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Connecting Local to Global: Turning an individual moment into a collective movement

Posted by rachelsvpi

Throughout our network and beyond, donors are asking “How can I do more?” People feel an urgency to change the world around them and are hungry to be part of a community. But for many who give, it’s unclear what the next step is after writing a check. For those donors looking to do more, SVP provides a community unlike any other.

Recently, I had the pleasure of joining our own SVP International CEO, Sudha Nandagopal, and SVP Tucson’s CEO, Ciara Garcia, at SVP Tucson’s 15th year anniversary and Annual Partner Meeting. SVP Tucson is focused on a strategic philanthropy learning journey that deepens the relationships between their Partners and community leaders, and Sudha shared how that momentum can ripple through our global network to increase our collective impact. 

Here are a few of my reflections for the network on the highlights from the conversation between Sudha and Ciara

  • “Bringing non-profit leaders and community leaders to the table in our decision making is one of the most impactful things that’s happened for SVP Tucson’s transformation.” -Ciara Garcia, SVP Tucson’s Chief Executive Officer

I was struck by Ciara’s view of how they have transformed over the last few years. Ciara stressed that when it comes to solving our biggest challenges, proximity matters. When we at SVP ask why our current systems aren’t helping people, the answer is simple: too often the people most impacted by decisions are not making the decisions. SVP Tucson works to make sure those closest to the problem are the ones designing the solutions. Each SVP across the globe can lift up the wisdom of movement leaders and those proximal to the issues we’re trying to solve to create new opportunities instead of philanthropy as usual.

  • People are giving to things that allow the community to make decisions, like mutual aid and collective pooled giving. That’s where we are seeing individual donors saying, ‘I want to do more of that.” -Sudha Nandagopal, SVPI Chief Executive Officer

When asked about recent donor trends, Sudha reflected that donors want to fund projects that work differently from traditional philanthropy. Too often, giving money is an individual act, but donors are increasingly seeing that systems change takes a community. By offering donors a way to be part of something bigger, we can meet the growing need for people who want to do more than write a check.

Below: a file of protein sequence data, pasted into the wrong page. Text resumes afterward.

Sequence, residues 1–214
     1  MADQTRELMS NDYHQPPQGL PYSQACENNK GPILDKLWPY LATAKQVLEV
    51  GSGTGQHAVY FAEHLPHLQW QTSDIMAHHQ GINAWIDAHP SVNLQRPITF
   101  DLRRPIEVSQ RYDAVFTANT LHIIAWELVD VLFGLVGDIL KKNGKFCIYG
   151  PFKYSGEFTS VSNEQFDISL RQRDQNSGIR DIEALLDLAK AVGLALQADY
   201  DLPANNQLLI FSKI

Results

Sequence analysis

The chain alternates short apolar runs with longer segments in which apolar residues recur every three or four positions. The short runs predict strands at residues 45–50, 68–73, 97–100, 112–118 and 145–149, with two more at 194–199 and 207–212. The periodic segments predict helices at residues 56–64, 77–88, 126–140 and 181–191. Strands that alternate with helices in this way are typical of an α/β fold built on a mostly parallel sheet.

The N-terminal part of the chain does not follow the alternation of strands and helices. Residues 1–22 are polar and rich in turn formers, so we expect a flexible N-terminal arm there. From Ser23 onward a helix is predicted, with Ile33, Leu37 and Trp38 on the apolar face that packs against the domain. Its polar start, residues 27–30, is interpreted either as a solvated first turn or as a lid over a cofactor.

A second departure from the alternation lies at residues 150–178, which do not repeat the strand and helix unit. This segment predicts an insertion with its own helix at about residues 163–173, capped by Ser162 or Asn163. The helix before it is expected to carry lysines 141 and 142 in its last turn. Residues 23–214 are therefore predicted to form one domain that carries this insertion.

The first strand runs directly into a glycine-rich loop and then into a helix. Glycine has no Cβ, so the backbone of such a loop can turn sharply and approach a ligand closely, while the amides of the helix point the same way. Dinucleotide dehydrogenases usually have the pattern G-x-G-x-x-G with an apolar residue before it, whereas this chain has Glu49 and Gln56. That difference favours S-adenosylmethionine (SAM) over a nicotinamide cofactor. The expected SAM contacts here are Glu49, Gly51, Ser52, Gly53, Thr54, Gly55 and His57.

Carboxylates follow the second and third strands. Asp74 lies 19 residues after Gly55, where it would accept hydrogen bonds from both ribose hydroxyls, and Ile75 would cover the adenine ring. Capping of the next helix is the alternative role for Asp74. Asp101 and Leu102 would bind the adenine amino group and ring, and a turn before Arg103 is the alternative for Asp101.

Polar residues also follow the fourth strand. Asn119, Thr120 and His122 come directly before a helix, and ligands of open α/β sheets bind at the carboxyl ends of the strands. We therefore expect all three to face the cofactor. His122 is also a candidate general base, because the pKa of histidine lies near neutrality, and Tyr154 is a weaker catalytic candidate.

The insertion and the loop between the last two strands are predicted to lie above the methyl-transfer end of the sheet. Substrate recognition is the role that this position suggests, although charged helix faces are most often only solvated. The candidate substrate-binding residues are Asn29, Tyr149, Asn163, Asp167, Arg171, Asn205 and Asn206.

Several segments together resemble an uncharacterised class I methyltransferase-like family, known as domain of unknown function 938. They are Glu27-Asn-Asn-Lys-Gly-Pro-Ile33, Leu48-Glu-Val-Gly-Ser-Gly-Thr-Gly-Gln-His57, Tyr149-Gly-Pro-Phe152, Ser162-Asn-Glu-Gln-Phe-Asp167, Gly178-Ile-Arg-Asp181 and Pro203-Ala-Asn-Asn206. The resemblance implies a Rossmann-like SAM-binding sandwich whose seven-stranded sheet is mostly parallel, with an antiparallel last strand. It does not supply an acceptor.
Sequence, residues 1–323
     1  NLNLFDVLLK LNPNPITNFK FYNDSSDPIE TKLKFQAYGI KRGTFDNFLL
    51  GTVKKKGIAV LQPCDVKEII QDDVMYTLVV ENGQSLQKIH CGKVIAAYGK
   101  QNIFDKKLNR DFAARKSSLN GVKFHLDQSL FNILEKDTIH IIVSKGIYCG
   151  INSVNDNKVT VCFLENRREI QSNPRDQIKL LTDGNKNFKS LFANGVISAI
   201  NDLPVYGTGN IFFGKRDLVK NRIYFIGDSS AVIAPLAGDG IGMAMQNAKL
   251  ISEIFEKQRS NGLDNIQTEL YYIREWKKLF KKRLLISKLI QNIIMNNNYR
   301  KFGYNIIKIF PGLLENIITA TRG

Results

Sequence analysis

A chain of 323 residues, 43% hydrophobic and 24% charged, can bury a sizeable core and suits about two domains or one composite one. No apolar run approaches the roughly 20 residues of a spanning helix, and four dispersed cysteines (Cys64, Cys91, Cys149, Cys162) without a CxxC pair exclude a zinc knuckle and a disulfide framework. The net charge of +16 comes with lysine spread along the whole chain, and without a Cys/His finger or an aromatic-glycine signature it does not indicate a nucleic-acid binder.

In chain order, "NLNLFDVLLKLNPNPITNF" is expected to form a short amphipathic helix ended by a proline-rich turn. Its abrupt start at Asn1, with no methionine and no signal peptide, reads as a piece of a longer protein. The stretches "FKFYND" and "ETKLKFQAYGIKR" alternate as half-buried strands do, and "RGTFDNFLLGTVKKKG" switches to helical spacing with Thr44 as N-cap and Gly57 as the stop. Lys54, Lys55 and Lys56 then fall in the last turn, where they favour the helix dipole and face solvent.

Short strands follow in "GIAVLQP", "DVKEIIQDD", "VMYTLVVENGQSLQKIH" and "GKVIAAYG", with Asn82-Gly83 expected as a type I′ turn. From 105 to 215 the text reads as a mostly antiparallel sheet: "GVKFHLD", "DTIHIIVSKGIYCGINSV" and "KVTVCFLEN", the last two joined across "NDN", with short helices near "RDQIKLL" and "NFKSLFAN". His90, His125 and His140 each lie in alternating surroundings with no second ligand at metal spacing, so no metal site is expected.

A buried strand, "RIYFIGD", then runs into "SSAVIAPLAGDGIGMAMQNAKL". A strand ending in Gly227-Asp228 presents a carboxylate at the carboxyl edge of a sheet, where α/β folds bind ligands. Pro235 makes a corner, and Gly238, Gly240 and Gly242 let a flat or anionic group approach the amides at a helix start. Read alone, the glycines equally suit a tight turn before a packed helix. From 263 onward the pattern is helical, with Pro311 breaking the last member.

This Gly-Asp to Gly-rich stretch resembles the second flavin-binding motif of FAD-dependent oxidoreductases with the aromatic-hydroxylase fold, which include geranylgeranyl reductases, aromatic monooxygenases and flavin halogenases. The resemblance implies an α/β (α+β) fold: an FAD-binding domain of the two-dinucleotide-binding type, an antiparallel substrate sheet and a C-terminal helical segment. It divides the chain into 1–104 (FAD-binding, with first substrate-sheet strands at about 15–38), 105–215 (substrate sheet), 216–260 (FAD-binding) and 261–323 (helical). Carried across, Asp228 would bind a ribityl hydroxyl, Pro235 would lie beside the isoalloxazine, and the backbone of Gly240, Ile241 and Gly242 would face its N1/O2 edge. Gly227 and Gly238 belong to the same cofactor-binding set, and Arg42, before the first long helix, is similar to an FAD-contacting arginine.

• “The best way to get to scale is by a network. It doesn’t mean that we are doing the same thing in every community. But when we are connected in our learning, and we are connected in our relationships, we are able to tackle major global challenges.” -Sudha Nandagopal, SVPI Chief Executive Officer

Sudha’s closing remarks really brought home the power of being part of a global network. SVP amplifies local solutions to create global resonance. A network allows us to scale up our best ideas across the globe – not by replicating – but by connecting and learning together to find solutions that we would not find alone. 

At SVPs around the globe, we are creating spaces where philanthropists and people with economic power can stand shoulder to shoulder to champion change with those historically overlooked by institutional philanthropy. This allows everyone who wants a role to have a role.  

When you look at your own philanthropic work, where can you support efforts to reimagine giving? Can you expand your process to include those most proximal to the issues you’re trying to solve? How can you evolve your own mindset to challenge philanthropy to evolve as a network ecosystem? How can you participate as both a learner and a teacher?

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